A TV show inspired her, and now that she has terminal colon cancer, another artist is carrying on the ministry.

Plainfield writing programs give writers a chance to connect
By Brittany Keeperman

The Plainfield Public Library initiated a series of many writing programs this year, all leading up to one important event.

Thursday, April 16, 2015

BryonySeries Throwback Thursday: Cemetery-Hopping and Other Fun Mother's Day Activities

Monday, May 14, 2012

Cemetery Hopping and Other Fun Mother's Day Activities

On Saturday, my oldest daughter, Sarah Stegall, Bryony's online administrator, her five year old son Lucas, and I visited three cemeteries and paid homage to several grandmothers and great-grandmothers, the perfect Mother's Day activity for people caught up in vampire stories.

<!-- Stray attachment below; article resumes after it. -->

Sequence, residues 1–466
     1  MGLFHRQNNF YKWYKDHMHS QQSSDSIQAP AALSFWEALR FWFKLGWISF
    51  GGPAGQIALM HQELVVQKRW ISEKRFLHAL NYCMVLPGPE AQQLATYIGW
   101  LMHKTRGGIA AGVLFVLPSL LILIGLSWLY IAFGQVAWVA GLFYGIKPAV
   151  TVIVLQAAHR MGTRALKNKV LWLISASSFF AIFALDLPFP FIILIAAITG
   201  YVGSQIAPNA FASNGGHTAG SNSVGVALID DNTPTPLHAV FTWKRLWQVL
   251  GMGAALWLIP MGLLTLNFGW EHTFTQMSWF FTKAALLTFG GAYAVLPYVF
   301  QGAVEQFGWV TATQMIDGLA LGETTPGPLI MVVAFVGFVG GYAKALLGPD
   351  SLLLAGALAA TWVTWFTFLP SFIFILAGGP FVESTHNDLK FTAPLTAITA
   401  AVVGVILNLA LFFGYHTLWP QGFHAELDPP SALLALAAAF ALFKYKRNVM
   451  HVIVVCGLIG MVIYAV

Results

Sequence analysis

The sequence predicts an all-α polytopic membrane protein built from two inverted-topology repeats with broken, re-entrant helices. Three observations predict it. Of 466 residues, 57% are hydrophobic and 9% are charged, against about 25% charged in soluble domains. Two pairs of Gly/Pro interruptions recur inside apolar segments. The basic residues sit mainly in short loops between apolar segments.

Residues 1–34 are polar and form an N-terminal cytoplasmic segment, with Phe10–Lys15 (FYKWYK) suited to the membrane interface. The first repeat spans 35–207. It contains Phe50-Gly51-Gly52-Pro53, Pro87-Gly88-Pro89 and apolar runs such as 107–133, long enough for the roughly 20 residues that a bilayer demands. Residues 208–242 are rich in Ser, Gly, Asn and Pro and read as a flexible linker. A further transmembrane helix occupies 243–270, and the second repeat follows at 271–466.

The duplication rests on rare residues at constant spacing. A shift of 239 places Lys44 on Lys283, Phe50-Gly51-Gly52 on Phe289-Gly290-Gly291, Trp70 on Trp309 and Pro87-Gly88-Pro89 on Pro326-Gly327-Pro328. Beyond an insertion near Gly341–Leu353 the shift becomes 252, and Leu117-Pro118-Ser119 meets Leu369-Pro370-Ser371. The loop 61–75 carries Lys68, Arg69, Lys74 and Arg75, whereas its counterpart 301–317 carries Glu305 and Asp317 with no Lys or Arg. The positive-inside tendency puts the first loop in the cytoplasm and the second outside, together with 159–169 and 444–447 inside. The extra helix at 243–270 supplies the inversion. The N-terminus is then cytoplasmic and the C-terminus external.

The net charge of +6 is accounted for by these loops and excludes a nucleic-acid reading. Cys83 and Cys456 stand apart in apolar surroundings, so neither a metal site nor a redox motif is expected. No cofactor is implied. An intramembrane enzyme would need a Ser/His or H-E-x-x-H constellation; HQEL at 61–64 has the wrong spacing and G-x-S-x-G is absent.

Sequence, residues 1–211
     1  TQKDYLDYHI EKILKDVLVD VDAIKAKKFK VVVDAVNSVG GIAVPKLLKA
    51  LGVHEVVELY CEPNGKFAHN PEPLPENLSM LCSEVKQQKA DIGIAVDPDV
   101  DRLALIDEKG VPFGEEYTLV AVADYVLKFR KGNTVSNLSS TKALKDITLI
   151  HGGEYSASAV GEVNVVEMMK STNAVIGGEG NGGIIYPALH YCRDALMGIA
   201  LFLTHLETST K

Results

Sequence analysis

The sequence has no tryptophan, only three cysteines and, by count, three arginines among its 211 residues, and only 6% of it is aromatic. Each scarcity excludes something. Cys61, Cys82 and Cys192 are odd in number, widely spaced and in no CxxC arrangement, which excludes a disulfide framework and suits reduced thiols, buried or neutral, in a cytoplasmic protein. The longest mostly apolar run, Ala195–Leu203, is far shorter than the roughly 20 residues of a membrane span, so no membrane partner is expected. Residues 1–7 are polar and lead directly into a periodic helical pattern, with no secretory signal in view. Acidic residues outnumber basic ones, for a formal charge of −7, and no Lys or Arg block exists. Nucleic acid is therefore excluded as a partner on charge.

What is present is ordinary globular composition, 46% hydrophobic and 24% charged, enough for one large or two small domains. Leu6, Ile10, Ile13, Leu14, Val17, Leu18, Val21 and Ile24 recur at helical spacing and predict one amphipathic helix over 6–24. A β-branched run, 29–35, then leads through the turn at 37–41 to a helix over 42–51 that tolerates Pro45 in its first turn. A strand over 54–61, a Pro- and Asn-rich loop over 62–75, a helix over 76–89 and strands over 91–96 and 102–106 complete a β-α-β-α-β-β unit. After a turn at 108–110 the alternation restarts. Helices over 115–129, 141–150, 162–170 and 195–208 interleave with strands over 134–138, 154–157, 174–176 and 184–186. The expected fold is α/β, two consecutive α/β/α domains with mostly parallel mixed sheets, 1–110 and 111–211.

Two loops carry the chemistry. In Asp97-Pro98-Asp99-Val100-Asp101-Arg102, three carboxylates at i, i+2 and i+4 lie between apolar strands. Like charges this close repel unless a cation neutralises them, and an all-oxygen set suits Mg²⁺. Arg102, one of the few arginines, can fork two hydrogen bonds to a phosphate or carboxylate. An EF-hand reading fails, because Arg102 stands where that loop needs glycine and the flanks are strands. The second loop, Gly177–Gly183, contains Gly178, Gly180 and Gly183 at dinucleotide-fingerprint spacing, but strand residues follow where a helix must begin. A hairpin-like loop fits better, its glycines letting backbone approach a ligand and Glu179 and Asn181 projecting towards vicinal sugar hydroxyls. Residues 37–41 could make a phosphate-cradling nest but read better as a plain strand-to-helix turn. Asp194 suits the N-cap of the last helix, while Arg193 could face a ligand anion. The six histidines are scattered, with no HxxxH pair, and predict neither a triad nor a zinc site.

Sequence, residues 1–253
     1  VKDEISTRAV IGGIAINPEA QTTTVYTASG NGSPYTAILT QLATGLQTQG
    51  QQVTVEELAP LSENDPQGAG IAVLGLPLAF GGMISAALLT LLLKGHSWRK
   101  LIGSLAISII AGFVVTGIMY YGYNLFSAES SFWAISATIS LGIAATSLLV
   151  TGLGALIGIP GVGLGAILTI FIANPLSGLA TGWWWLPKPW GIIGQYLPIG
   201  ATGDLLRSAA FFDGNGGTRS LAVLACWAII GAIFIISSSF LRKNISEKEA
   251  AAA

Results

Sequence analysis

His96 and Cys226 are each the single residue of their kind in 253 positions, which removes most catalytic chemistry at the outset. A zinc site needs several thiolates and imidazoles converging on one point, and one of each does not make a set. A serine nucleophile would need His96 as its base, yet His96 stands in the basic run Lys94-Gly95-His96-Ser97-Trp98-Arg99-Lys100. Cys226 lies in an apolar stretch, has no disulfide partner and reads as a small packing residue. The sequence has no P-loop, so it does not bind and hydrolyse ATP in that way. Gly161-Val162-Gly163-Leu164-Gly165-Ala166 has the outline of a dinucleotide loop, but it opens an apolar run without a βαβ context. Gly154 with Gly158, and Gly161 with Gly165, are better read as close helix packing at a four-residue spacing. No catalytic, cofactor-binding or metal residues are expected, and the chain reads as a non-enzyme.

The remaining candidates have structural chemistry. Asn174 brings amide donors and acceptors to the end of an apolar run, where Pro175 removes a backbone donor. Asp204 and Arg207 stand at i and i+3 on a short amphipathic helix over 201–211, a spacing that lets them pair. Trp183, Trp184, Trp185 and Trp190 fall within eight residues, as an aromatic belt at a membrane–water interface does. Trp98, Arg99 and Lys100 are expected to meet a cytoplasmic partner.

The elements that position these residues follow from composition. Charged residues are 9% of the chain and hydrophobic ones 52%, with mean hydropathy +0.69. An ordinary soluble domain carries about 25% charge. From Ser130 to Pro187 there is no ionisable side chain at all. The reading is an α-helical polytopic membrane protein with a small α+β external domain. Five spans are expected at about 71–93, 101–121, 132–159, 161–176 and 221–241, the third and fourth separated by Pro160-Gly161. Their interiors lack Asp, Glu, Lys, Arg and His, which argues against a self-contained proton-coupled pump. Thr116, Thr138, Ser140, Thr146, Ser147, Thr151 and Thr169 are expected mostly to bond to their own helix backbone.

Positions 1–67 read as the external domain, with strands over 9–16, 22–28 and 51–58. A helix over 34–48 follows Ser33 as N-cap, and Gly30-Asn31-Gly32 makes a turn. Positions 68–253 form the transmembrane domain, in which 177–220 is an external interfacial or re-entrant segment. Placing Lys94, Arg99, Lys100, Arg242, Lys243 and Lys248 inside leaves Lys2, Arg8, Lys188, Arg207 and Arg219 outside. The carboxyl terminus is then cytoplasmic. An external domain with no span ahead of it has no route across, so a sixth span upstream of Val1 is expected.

While Sarah was inside a memorial shop trying to replace a stolen, graveside vase, Lucas, who obviously had one or two things on his mind, said to me, "Will we see ghosts?"

I assured him otherwise.

Then Lucas said, "My mother is afraid of ghosts."

Considering Sarah was nearly drooling over the notion of spending the night in the reputedly haunted P. Seth Magosky Museum of Victorian Life and Joliet History (where we filmed Bryony's book trailer and music video), I doubted it.

"She's not afraid of ghosts, Lucas."

Lucas considered this. "Well, she is afraid of werewolves."

Next, we discussed our two dogs that had gone to heaven: Peenut (his) and Scooter (mine) until Sarah returned. Among our various stops, we had lunch courtesy of McDonald's dollar menu (Sarah's treat) and a post-festivities coffee (Sarah's act of mercy), since I had a writer's workshop to attend that evening.